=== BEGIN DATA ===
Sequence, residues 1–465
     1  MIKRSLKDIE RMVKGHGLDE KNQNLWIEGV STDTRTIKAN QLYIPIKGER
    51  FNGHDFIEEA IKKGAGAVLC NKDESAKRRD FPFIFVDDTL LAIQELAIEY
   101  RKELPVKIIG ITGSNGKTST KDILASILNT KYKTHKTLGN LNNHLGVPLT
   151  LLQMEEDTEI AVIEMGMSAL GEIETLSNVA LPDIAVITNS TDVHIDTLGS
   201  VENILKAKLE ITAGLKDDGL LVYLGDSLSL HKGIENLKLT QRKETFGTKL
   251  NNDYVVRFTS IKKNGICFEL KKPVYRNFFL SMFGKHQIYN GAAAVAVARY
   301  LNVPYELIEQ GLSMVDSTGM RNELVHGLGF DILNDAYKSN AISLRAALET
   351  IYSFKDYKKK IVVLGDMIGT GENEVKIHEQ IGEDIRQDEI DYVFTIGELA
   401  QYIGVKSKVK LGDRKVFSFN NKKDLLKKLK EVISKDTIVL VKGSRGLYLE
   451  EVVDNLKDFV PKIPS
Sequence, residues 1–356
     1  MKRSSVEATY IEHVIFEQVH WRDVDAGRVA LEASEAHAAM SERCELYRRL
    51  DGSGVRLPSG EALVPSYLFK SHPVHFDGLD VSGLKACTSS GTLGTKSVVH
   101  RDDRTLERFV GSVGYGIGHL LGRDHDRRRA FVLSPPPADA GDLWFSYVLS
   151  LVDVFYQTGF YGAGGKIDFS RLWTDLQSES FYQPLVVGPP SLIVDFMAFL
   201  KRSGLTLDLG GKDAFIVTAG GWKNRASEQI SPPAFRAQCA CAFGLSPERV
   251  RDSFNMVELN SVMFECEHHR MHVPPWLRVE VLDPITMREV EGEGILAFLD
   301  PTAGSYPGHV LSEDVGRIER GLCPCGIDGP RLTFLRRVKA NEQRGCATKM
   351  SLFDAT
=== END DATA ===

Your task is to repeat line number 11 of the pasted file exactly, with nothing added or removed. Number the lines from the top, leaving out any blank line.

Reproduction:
   451  EVVDNLKDFV PKIPS